SANTA ROSA, Calif. (KTVU) - At the one-year anniversary of last October's catastrophic firestorms, several museums are staging special art exhibits.
There are three new exhibits in the North Bay: Petaluma, Sonoma, and Santa Rosa, the cities hit hardest by the fires.
"Beauty happened. In addition to everything else, all the loss and tragedy, beauty happened," painter-sculptor Adam Shaw told KTVU at the Museum of Sonoma County.
Shaw contributed to the exhibit entitled "From the Fire: A Community Reflects and Rebuilds."
"It looks like some lumbering beast that died of exhaustion," said Shaw, speaking to his neighbor’s classic, but melted and charred, Ford truck. “But it really has presence, it has a history that goes beyond seeing it as a rusted object."
The truck is essentially the way the fire left it, except for a Buddha statue in the truck bed, and dried roses on the windshield.
"This truck is like a dead rose, it's still beautiful but it's not what it once was," said Shaw.
The Museum of Sonoma County curates art exhibits and history exhibits, but in the case of the firestorm, there was no separating the two. Scorched street signs, a burned door from a police patrol car, even a garden hose, allude to the fear and chaos.
"We knew we had to record this and it became a very shared experience for everyone," said Cynthia Leung, of the Museum. “We also knew we had to have something for people come and think about and reflect upon."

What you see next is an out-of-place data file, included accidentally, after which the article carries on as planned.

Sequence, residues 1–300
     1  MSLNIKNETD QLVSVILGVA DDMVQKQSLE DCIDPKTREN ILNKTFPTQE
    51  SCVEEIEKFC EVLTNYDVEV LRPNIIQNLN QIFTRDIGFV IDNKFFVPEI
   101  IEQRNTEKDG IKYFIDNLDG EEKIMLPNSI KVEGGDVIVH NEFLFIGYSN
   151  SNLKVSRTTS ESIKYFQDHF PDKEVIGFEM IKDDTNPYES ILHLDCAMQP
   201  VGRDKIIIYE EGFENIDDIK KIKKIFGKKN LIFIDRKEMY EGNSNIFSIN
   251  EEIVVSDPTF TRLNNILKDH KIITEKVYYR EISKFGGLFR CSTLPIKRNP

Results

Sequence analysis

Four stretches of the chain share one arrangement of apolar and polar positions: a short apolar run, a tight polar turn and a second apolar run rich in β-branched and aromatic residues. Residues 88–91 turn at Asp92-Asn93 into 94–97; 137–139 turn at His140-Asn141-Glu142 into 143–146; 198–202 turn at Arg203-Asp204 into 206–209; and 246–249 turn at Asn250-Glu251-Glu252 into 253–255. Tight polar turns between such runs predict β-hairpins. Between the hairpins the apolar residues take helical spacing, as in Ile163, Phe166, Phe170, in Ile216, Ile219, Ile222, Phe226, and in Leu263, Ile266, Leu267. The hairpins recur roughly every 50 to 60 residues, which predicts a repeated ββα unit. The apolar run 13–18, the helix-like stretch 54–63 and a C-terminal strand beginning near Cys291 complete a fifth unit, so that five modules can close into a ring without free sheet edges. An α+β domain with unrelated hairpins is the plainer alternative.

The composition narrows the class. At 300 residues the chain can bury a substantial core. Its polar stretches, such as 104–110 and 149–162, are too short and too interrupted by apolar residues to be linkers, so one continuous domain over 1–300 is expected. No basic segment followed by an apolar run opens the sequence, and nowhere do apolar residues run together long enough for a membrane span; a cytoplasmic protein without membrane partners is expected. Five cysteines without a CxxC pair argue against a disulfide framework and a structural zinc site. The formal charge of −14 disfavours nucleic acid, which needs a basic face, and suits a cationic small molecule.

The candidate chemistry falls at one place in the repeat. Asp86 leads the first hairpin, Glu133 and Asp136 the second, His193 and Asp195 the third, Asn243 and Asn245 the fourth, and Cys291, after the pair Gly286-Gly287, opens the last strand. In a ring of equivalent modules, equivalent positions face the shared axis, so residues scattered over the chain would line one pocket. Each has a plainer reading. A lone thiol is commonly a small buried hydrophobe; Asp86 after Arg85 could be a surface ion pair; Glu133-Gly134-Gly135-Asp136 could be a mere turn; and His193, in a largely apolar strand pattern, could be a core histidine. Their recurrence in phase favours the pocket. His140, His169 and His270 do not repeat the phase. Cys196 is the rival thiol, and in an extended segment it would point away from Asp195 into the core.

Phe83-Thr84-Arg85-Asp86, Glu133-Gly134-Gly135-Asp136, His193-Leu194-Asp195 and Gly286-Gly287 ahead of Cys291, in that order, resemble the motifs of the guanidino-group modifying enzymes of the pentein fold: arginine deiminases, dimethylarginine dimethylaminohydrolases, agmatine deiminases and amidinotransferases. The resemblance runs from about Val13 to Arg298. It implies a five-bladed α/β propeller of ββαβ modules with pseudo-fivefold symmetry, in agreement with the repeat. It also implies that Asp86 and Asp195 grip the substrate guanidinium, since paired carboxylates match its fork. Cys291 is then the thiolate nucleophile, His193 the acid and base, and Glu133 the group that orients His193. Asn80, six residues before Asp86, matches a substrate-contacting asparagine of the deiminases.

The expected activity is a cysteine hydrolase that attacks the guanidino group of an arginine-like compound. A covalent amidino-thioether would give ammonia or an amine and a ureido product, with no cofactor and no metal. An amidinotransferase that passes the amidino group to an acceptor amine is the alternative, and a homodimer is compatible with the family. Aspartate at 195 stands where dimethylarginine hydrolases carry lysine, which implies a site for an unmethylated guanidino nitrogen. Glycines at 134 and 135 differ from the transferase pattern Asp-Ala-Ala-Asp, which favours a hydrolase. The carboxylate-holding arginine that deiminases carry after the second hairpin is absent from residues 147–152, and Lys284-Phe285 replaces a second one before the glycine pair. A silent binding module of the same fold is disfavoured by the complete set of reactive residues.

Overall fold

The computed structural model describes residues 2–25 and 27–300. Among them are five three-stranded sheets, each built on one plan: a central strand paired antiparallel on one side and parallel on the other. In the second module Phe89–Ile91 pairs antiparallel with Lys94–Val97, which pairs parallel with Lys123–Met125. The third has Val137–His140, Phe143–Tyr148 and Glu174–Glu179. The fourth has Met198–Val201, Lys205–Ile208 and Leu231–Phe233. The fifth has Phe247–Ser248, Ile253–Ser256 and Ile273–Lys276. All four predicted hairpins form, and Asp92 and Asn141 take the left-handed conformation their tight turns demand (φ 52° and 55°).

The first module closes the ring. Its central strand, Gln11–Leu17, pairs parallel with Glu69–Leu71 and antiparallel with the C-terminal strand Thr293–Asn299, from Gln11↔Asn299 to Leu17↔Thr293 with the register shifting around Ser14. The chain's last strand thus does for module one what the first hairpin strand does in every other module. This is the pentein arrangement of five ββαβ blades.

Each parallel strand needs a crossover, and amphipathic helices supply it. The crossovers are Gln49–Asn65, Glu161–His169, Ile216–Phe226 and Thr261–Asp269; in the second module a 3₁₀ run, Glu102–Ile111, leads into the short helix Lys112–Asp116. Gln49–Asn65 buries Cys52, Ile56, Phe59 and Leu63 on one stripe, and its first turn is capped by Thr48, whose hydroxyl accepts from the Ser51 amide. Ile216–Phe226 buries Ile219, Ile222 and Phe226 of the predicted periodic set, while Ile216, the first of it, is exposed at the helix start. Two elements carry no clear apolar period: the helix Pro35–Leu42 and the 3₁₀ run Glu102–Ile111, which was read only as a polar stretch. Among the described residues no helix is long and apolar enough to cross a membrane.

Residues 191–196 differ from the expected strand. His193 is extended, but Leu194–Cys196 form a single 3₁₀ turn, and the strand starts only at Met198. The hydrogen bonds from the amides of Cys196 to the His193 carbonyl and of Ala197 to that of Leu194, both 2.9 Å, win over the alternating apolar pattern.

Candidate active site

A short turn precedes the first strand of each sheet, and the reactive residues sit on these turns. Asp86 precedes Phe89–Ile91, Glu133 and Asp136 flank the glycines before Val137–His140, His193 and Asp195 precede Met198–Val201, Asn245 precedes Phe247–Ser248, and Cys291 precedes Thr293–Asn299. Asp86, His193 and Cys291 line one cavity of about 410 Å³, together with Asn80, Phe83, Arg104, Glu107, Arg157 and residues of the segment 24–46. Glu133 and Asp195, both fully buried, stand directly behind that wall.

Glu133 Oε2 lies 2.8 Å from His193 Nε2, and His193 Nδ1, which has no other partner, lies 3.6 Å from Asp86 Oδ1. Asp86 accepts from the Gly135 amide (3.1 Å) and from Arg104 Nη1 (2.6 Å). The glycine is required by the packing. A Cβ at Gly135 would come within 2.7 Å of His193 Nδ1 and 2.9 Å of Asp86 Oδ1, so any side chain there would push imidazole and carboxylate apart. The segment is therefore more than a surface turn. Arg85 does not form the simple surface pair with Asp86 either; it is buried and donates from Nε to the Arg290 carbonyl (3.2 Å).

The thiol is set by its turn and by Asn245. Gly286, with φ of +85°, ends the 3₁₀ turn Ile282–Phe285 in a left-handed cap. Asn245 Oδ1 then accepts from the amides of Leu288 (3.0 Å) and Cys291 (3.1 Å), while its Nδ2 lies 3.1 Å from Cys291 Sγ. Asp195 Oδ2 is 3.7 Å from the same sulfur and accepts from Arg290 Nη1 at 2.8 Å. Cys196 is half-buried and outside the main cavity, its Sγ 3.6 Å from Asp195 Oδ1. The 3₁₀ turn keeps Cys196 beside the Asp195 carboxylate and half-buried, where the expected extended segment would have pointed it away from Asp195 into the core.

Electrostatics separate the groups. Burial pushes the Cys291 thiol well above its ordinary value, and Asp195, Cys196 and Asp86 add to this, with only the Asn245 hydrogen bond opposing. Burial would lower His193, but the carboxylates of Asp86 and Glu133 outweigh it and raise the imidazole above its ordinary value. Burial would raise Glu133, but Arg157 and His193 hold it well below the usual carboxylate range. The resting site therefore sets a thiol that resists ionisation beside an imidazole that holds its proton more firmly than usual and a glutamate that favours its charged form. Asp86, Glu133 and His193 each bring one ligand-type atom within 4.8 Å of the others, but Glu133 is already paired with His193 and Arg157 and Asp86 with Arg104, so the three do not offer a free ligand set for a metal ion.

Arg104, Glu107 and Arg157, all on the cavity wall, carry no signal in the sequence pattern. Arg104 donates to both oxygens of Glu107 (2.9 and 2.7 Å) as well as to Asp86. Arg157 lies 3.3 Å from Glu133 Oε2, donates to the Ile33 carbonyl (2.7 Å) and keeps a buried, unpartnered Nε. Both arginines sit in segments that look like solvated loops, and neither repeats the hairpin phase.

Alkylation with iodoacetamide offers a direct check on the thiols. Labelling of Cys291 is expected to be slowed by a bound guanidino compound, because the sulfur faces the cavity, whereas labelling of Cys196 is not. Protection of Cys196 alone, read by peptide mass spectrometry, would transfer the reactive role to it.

Both the artifacts and art reflects the turbulence, but also the healing. 300 visitors came on the opening weekend.
"When people are all here together, they can feel like their loss has been remembered and other people are thinking about it as well," said Leung.
For ceramic artist Gregory Roberts, the need to create and help people were simultaneous.
"How can I take the material falling from the sky and make something out of it?" he wondered last fall.
Roberts spent the past year creating dozens of ceramic pots, which are also on display. Each is glazed with ashes, and because of the different content and chemical reactions, no two are alike.
People brought ashes from the ruins of their homes. They will get their pots to keep when the exhibit ends.
"Once they start to hold it, they don't want to let go of it, so that's a very sweet moment," said Roberts, of giving the pots to the survivors.
He thinks of the pots as time capsules, or vessels for emotion. Every pot has a lid, for a reason.
"There are times we want to put that memory aside, so you can put the lid on, and you don't have to be faced with it every day," he said.
A sign at the exhibit entrance warns that some of the pieces may be disturbing. “I've seen people who have lost their houses just stand here and cry," said Shaw.
He created six large plywood panels; battered with fire, water, rust and sun. He added found objects and mirrors, each panel an assemblage that speaks to the idea of permanence, and looking at the fire with acceptance, even appreciation.
"I wanted the fire to move through me, and pass through me, and I wanted to speak on the canvas," Shaw explained. "You can be completely broken by something and you can be transformed by it."
The exhibit runs through January. The Museum of Sonoma County also has a "Fire Wall" on its website, with an array of fire-inspired art. Anyone can submit art to the online gallery as well.